While human readers can easily distinguish the character-string ‘Oxford’ as referring to the place, the university, or the press, this is a challenge for computation—like distinguishing ‘Byron’ the poet from ‘Byron’ the admiral. One can attack this problem by using algorithms to compare adjacent strings, or one can encode strings by hand to disambiguate them, or use a combination of both. Digital ODNB essays are good candidates for semantic analysis since their structure is predictable and they are dense with significant names of persons, places, events, and relationships that can be used for data-linking. One translates character-strings into semantic references, groups the references into relationships, and expresses the relationships in machine-readable form.
A popular model for parsing semantic data is via ‘triples’: statements in the form subject / property / object, which describe a relationship between the subject and the object: the tree / is in / the quad. It is powerful because it can describe anything, and its statements can be yoked together to create new statements. For example: ‘Lord Byron wrote Childe Harold’, and ‘John Murray published Childe Harold’ are both triples. Once the three components are translated into semantically disambiguated machine-readable URIs (Uniquely Referring Identifiers), computation can infer that ‘John Murray published Lord Byron.’
Now imagine the contents of the ODNB expressed not as 60,000 biographical essays but as several billion such statements. In fact, this is far from unthinkable, given the nature of the material and progress being made in information technology. The result is a wonderful back-to-the-future moment with Leslie Stephen’s Victorian DNB wedded to Charles Babbage’s calculating machine: the simplicity of the triple and the power of finding relations embedded within them. Will the fantasies of positivist historians finally be realized? Not likely; while computation is good at questions of ‘who’, ‘what’, ‘where’, and ‘when’, it is not so good at ‘why’ and ‘how’. Biographers and historians are unlikely to find themselves out of a job anytime soon. On the contrary, once works like the ODNB are rendered machine-readable and cross-query-able, scholars will find more work on their hands than they know what to do with.
So the publication of the ODNB online in September 2004 will be fondly remembered as a liminal moment when humanities scholarship crossed from paper to digital. The labour of centuries of research was carried across that important threshold, recast in a medium enabling new kinds of investigation the likes of which—ten years on—we are only beginning to contemplate.
I remember putting that 1st video up on Youtube, mortified by the yapping dog in the background and well-aware of how distracting for viewers who struggle to mask out background interference. Still, I knew if I didn't put up the video, flaws and all, I'd be waiting for perfection forever.
Fire ahead four light-years filled with growth for the series, me as the Plot Whisperer and personally. On the anniversary of that first video, the number of views onPlot Whisperer Youtube channel crossed over 200,000.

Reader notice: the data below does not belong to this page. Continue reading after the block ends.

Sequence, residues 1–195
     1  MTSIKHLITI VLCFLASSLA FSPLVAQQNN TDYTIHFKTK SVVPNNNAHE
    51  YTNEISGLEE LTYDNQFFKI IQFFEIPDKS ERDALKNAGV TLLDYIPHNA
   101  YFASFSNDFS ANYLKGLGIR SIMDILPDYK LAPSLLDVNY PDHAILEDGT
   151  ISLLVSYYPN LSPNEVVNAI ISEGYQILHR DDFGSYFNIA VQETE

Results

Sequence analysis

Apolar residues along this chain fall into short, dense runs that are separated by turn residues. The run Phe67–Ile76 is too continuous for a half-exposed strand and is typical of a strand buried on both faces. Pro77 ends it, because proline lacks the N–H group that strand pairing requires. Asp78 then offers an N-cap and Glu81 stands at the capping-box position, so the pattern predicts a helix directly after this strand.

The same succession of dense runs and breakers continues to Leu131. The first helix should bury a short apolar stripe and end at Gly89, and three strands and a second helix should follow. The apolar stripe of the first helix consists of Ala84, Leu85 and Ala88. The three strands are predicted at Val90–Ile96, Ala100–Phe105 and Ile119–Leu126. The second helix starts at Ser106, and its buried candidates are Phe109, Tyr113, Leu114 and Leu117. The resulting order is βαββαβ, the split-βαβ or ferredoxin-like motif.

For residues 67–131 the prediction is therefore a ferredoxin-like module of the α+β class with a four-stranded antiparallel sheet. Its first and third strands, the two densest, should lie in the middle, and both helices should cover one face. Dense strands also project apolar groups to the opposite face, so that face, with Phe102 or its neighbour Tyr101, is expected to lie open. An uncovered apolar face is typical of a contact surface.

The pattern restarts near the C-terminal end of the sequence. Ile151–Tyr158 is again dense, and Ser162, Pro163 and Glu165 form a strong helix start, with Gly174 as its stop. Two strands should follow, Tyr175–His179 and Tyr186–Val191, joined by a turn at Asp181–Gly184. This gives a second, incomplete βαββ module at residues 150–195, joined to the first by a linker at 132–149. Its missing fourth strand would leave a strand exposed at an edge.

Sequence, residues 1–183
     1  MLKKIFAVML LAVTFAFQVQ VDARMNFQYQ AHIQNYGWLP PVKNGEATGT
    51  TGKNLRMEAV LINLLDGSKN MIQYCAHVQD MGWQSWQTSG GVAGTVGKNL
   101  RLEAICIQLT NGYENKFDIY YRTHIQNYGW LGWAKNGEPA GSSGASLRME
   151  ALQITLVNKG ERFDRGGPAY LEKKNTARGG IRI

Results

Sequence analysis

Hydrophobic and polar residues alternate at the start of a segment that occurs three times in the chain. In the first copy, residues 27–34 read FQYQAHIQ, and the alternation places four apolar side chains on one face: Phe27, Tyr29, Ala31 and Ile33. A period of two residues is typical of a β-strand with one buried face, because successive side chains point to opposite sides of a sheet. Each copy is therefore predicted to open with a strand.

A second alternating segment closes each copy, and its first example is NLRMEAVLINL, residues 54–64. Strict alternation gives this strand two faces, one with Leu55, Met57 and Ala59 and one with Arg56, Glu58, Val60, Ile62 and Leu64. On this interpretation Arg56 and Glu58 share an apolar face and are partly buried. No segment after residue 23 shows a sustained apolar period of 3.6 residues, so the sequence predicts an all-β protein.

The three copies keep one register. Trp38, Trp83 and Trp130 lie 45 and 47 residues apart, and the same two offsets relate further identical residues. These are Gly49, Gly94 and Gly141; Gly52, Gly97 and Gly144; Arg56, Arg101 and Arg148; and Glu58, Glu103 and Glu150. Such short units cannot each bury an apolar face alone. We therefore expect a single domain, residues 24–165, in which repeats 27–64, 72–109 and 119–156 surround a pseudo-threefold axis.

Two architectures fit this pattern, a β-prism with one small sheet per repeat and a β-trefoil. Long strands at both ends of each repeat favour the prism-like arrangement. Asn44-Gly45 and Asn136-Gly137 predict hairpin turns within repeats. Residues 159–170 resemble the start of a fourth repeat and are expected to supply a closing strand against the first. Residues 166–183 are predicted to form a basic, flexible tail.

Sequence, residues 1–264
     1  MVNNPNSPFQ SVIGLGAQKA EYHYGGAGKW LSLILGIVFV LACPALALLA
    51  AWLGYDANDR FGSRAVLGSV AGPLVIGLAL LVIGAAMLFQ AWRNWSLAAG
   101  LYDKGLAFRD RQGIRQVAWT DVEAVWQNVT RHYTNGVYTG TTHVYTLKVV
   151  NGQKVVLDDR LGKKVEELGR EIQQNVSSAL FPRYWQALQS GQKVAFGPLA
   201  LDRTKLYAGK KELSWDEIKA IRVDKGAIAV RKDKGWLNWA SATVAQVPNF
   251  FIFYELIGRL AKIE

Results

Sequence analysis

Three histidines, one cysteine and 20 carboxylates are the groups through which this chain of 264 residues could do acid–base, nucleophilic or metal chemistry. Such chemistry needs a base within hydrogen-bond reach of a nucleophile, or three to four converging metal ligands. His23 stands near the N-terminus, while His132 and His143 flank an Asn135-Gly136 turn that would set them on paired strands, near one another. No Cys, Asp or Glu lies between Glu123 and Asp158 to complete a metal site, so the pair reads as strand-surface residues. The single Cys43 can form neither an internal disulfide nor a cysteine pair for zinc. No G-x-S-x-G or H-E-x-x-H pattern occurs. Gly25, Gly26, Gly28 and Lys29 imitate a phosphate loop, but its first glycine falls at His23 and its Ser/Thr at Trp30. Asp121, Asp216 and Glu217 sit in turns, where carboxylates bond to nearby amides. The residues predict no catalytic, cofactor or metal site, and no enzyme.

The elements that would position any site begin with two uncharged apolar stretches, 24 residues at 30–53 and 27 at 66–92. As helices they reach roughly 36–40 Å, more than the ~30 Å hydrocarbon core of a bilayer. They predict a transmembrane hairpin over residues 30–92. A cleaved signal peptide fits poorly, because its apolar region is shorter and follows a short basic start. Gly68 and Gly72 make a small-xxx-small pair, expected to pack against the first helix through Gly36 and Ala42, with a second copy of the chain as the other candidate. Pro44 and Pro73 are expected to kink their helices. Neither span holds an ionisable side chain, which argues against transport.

My birthday present to the series and to you and writers everywhere is a spruced up version of the series. The 27 steps remain the same. This time, no distractions + one plotting exercise per a video.
Many of my ideas -- good, bad, and otherwise -- originate while I’m exercising, and Modern First Library was among these.
One evening this past winter, while my wife, fellow author Jennifer Ziegler, and I were walking our dog, I bemoaned an article I’d read about an independent bookseller’s baby gift registry.
Of the classic picture books mentioned in the article -- through no fault of the store, I’m assuming -- the newest one was published during the first Nixon administration.
We’re in a pretty terrific era for picture books. You might even call it a golden age, and I’ve been working for years to try to contribute to it myself. But how, I griped, was the general book-buying public going to know about contemporary standouts such as I Want My Hat Back by Jon Klassen (Candlewick, 2011) if major media outlets so readily reinforce shoppers’ tendencies to look to their own youth -- or even to earlier decades -- for the books they give as gifts to modern kids?
If only, I thought, there was some way to leverage the public’s interest in buying the tried and true into the purchase of classics and contemporary titles. I wasn’t interested in just shifting sales from old to new -- booksellers and kids alike would benefit a lot more if those parents and grandparents and aunts and uncles and godparents and family friends bought two picture books instead of just one.
Our walk ended, and that was as far as it went. But not for long.
A widespread urge to Do Something About This led to lots of conversations among authors, editors, librarians, and other champions of children’s literature. It led to the #WeNeedDiverseBooks campaign.
And it led me to email Meghan Goel, the children’s-book buyer at my beloved local indie BookPeople, to discuss a new spin on the notion I’d had on that recent walk.
Wait -- email Meghan in what capacity?
As an author? Yes, but also as a BookPeople customer, and as a dad, and as a member of the community. Of various communities, in fact, large and small.